Our guidance will also propose how a more traditional approach to drug development may be more appropriate if the gene therapy creates a genetic alteration aimed at treating the symptoms of a neurodegenerative disease, or potentially altering its course by altering the expression of a protein or enzyme believed to play a role in the advance of a disease. In these cases, the gene therapy wouldn't be intended to cure the underlying condition but instead, affect its course or symptoms. We intend to explain that demonstrating the safety and benefits of such an approach could typically require a more traditional clinical study and recommend ways this can be achieved.
Other critical challenges also arise in the development of safe and effective cell-based gene therapies such as CAR-T cells, including the complexities associated with manufacturing these products in a safe, reliable and cost-effective way, and in a manner that allows for the efficient use of these products in the clinic. Our new guidance will recommend parameters for how innovators can introduce advances in manufacturing that promote the more efficient development and application of CAR-T therapies without necessarily requiring costly new clinical investigations. We intend to propose ways to help ensure the safety and effectiveness of the resulting products through available technologies and examinations, and when limited clinical bridging studies may be needed prior to approval of a change, possibly followed by the submission of additional clinical information supplied by real-world data after the change is introduced.
This category of guidance documents that we intend to develop will help advance scientific principles related to the efficient development of CAR-T and other cellular therapy products. The guidance that we intend to issue will promote a better understanding of the critical quality attributes and other factors related to product manufacturing. One of our goals here is to allow for the development of clearer parameters for when minor manufacturing changes can be made that wouldn't require additional bridging studies. We will also be working with stakeholders and intend to hold a public meeting in the coming months to discuss ways to expedite the necessary clinical bridging studies when more than minor changes are introduced in the manufacturing process, but such changes do not represent a transformation to a fundamentally different product. We intend to introduce various topics, such as the refinement of genetic constructs and the introduction of more efficient cell culture methods.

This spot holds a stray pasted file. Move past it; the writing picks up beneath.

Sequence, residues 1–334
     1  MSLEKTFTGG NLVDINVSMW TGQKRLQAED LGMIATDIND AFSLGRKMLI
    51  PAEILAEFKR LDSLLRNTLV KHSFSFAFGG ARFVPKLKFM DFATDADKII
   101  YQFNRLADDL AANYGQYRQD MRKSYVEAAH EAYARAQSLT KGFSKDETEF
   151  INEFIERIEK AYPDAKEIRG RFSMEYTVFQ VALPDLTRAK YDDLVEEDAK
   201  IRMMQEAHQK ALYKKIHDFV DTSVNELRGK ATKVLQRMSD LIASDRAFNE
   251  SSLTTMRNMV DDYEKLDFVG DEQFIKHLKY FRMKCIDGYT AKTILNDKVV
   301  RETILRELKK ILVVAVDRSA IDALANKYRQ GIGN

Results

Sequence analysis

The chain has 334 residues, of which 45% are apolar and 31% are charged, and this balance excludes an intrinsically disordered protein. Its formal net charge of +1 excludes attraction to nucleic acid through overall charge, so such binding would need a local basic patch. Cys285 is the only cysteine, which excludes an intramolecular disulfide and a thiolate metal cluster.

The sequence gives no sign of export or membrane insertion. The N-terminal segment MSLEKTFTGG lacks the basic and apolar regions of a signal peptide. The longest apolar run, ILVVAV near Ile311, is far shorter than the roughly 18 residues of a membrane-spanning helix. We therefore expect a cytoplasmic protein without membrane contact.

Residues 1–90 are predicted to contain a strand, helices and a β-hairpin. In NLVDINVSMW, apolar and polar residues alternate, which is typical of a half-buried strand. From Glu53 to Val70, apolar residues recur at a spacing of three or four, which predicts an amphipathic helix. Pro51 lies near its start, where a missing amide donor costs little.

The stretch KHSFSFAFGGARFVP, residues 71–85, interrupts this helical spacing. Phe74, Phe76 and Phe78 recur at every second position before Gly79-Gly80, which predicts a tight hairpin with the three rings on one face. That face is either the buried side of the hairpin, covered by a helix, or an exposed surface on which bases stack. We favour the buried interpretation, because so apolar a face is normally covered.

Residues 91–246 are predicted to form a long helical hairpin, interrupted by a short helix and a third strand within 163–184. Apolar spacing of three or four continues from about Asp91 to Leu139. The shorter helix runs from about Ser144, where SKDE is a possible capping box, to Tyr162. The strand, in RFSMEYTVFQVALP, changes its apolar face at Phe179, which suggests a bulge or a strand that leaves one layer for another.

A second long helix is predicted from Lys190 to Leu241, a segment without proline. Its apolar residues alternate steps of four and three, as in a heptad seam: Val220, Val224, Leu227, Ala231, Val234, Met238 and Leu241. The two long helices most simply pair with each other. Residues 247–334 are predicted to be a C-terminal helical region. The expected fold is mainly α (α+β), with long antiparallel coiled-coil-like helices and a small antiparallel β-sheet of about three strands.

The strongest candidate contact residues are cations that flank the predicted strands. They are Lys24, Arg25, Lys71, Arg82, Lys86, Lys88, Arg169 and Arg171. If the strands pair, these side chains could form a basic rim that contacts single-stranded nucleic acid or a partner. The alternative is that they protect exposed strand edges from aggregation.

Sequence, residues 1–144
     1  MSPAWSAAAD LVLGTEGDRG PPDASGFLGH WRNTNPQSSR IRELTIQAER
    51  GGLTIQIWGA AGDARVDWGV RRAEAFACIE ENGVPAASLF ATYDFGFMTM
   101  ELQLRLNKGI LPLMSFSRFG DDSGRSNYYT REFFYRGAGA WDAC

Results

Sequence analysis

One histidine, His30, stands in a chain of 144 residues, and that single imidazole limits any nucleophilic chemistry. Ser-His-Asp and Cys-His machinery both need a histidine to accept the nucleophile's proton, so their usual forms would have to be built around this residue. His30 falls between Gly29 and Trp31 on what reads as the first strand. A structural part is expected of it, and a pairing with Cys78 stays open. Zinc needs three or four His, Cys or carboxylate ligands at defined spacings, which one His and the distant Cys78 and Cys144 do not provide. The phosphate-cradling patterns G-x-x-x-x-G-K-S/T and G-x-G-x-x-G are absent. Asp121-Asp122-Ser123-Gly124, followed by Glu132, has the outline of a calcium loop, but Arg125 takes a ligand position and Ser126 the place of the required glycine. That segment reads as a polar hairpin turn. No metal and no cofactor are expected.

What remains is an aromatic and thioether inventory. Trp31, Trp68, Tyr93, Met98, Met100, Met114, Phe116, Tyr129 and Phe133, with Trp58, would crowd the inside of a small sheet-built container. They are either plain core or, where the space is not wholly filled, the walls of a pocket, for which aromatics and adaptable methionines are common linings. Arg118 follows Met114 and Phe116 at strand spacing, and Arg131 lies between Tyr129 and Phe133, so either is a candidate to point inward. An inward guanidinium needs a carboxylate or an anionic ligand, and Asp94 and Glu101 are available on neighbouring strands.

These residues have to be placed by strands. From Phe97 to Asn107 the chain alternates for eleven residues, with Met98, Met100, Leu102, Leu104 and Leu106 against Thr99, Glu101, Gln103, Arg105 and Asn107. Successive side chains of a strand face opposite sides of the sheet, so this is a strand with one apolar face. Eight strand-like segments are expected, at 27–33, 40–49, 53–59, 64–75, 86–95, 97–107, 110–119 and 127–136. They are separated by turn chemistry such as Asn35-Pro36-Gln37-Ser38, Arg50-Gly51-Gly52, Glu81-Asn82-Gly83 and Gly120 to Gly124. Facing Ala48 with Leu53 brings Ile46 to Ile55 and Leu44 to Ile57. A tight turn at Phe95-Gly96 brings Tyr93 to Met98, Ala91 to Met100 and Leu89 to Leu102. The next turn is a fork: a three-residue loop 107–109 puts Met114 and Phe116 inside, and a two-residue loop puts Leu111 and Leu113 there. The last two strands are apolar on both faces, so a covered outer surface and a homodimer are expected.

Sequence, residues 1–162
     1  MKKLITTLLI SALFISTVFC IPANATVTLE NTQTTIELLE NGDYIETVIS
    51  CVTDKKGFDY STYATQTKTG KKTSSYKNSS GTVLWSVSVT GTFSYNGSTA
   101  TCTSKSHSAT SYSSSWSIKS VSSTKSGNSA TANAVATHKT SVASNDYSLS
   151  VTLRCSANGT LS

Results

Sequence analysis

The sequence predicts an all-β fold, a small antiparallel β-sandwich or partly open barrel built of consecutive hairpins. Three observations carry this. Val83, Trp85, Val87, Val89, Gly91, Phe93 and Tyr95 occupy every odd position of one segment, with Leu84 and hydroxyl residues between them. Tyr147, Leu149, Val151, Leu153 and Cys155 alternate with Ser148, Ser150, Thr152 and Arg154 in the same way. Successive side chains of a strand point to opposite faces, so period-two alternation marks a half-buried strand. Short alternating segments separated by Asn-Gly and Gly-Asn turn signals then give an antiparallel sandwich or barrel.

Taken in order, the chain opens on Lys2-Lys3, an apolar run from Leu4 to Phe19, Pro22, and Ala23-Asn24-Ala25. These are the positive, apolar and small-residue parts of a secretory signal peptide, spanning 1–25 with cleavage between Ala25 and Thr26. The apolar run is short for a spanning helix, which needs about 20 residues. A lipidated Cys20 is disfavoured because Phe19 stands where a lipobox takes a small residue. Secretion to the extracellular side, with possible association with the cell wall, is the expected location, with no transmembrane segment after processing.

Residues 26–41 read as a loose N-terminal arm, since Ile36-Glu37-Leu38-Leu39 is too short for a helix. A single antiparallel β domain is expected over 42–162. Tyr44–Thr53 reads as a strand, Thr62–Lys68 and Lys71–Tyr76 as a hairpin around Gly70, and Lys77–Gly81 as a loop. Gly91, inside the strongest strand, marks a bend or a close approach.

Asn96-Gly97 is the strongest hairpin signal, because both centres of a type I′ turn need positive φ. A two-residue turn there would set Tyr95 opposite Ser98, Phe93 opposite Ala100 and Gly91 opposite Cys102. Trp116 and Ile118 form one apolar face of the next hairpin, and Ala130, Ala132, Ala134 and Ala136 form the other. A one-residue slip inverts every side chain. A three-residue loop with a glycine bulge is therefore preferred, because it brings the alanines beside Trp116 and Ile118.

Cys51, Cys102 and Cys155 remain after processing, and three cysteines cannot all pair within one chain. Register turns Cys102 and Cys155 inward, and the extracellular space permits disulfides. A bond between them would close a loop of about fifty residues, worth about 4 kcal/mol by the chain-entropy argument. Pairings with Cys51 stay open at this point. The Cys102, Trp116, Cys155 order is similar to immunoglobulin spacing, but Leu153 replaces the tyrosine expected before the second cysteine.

We also intend to develop new guidance to continue to promote the efficient development of safe and effective cell-based regenerative medicine products.
Though we are very encouraged by the advances in science and clinical development in this field, we remain concerned at the FDA that a number of individuals working in this space are developing products that are subject to pre-market approval, but these individuals are operating outside of regulatory compliance and, in some cases, these products are creating potential significant safety concerns to patients based on how we believe the cell therapies are being manufactured and delivered to patients. In these cases, the manufacturers have failed to respond to the FDA's request to have a dialogue with the agency about how to come into regulatory compliance. We plan additional enforcement actions in 2019 to address products that pose a significant risk of potential harm to patients.
At the same time, we are committed to continue to develop efficient pathways by which sponsors can come into regulatory compliance while working toward approval of a new Biologics License Application (BLA) for their products. To advance this goal, one guidance that we intend to issue this year will outline a proposed innovative trial design by which individual researchers can pool their clinical data after following a common manufacturing protocol, and thereby develop a more robust data set for purposes of gaining a BLA.
The idea here is to assist small sponsors, including academic investigators, who may not be of sufficient scale to conduct a clinical trial on their own, to band together with others similarly situated. These sponsors can then pool clinical data to demonstrate the safety and effectiveness of a product that is manufactured with a common manufacturing protocol and product quality specifications, and used for a common clinical purpose, but where the therapies are being delivered locally by different investigators and institutions. We already have consortiums of academic investigators who are in active discussions with the FDA about this proposed new approach. The guidance document we intend to issue will outline more clearly the recommended procedures for pursuing this novel approach.
Taken together, these guidance documents, along with other policies that we plan to issue in 2019, are aimed at helping advance the field of cell and gene therapy.
We believe these cell-based and gene therapy technologies hold tremendous promise for addressing some of the most intractable diseases. But with their novelty, also comes new uncertainties and some unique, theoretical risks. Our efforts are aimed at helping innovators proactively address these potential risks, while we outline a modern and efficient pathway for the continued development of these innovations.
The FDA, an agency within the U.S. Department of Health and Human Services, protects the public health by assuring the safety, effectiveness, and security of human and veterinary drugs, vaccines and other biological products for human use, and medical devices. The agency also is responsible for the safety and security of our nation's food supply, cosmetics, dietary supplements, products that give off electronic radiation, and for regulating tobacco products.